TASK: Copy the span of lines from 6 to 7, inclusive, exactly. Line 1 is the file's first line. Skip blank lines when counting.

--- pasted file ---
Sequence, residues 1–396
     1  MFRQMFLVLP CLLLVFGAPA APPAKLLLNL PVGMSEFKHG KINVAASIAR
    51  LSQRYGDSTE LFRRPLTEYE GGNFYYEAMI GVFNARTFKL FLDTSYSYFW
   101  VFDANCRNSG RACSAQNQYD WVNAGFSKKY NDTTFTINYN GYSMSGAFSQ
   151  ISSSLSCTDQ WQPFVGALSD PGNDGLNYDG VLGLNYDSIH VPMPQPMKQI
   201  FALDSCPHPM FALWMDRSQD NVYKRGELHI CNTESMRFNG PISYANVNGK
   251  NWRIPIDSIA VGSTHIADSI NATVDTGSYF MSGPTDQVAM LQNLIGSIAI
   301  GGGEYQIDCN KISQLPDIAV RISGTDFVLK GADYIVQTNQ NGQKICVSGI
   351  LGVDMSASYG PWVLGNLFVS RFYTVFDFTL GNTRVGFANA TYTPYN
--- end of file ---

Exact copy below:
   201  FALDSCPHPM FALWMDRSQD NVYKRGELHI CNTESMRFNG PISYANVNGK
   251  NWRIPIDSIA VGSTHIADSI NATVDTGSYF MSGPTDQVAM LQNLIGSIAI